16.  Roughly five weeks after his release from Saint Morgan’s, Munch, as noted by the increasingly brittle Hedda, seemed to be at peace with himself. However, after an argument in which Hedda accused him of “killing our baby,” even though Hedda had not given birth in over 38 years, Munch retreated into his study and shot himself with a revolver. The same one he intended to use on Himmler, many years before.

In her memoir, Hedda reconstructs this incident by stating that by “our baby” she meant the book of poems and paintings that she and Munch had been working on and off for years. She claimed that in a fit of rage and frustration, Munch had torn up the drafts, flinging them outside their Paris window, calling them “worthless birds.” He then fell into her arms and sobbed uncontrollably until he fell asleep. The next morning, Hedda found him dead from a gunshot wound, in the study.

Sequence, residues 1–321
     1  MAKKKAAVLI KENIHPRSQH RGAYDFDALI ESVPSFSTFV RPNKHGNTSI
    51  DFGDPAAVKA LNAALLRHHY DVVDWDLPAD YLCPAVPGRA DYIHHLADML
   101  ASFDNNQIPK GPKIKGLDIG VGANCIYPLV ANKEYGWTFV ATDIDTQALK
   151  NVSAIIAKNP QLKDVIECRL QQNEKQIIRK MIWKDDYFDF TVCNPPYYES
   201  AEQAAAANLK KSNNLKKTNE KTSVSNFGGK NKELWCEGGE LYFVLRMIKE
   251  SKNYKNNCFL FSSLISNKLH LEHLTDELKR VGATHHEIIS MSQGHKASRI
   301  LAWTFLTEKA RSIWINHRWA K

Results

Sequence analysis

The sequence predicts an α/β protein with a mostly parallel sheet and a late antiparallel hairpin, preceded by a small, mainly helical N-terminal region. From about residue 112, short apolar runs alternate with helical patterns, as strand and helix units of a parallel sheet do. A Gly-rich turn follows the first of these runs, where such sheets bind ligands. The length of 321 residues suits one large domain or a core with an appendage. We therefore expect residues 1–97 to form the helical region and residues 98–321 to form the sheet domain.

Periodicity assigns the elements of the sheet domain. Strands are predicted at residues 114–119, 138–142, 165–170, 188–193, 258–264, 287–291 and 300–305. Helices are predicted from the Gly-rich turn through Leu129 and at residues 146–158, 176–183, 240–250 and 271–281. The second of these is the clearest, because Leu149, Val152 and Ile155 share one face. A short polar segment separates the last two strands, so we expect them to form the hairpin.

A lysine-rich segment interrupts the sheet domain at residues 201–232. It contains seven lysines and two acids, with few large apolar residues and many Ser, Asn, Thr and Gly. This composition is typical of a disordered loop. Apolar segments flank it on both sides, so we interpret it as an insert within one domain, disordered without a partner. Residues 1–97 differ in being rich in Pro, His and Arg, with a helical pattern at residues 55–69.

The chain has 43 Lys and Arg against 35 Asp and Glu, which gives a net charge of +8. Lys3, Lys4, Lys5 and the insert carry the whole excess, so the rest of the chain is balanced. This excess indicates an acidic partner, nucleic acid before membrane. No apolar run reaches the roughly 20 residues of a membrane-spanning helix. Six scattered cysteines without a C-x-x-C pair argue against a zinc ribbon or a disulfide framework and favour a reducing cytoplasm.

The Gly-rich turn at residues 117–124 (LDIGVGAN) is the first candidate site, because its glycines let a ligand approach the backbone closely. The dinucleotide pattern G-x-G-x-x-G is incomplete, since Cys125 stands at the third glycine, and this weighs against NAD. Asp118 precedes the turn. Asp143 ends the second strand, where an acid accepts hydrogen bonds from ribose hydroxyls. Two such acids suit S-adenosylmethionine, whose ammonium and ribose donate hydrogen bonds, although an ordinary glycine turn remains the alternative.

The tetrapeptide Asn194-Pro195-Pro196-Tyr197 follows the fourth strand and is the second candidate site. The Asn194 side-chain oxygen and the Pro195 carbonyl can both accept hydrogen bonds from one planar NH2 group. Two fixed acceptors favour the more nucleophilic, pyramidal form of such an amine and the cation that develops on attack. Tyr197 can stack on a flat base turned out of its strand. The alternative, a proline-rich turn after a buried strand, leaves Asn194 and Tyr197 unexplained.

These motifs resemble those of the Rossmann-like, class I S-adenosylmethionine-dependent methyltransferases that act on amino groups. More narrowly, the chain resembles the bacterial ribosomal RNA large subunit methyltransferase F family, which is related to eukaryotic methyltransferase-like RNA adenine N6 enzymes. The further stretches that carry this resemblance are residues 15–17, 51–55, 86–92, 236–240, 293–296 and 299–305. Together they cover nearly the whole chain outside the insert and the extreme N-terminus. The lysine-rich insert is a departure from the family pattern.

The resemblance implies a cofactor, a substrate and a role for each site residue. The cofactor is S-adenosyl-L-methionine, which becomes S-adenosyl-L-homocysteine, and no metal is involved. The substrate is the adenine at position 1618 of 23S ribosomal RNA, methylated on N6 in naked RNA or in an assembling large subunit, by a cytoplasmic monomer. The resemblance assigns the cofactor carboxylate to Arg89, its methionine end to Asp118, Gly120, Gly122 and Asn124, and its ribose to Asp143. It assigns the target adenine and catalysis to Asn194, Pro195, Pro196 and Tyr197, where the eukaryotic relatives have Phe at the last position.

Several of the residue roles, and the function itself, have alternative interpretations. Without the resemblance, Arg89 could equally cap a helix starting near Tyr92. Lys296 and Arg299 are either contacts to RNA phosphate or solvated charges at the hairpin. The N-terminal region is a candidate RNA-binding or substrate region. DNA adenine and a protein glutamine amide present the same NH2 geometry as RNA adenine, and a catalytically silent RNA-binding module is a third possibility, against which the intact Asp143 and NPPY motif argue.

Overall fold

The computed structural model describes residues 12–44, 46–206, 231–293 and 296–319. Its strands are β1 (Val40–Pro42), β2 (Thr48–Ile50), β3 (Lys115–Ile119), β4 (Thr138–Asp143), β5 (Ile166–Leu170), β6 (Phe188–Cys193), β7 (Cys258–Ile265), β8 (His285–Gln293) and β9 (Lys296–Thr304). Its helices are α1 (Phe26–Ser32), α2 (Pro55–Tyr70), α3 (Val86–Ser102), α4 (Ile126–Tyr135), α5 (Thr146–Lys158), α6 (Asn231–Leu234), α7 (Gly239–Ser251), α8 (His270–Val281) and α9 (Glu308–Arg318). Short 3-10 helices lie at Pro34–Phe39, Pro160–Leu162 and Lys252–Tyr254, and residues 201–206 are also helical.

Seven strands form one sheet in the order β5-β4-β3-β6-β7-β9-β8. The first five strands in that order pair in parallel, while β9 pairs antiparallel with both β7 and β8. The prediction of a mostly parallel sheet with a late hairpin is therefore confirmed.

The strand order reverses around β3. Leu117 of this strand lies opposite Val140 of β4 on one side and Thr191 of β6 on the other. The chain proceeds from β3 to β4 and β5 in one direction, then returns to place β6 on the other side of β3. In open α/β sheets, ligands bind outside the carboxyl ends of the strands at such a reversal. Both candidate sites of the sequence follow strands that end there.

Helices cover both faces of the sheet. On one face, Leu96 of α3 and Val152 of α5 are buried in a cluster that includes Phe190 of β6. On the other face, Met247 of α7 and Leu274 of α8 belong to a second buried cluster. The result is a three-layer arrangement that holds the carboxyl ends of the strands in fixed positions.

17.  Hedda later moved to Norway, lived the rest of her life alone, and maintains in her memoir that Munch was the only man she ever truly loved, despite her numerous affairs with late Dadaists and young college students whom she taught as an associate professor of Modern Literature. She was later buried alongside Munch at a small cemetery in Bavaria. Wallach notes that “visitors claim they can hear them both dreaming of the other through closed caskets.”

18.  Translation: They must dream loudly.



Kyle Hemmings is a retired health care worker. His latest collections of poetry/prose are  Scream from Scars publications and Split Brain on Amazon Kindle. He loves 50s Sci-Fi movies,  manga comics, and pre-punk garage bands of the 60s.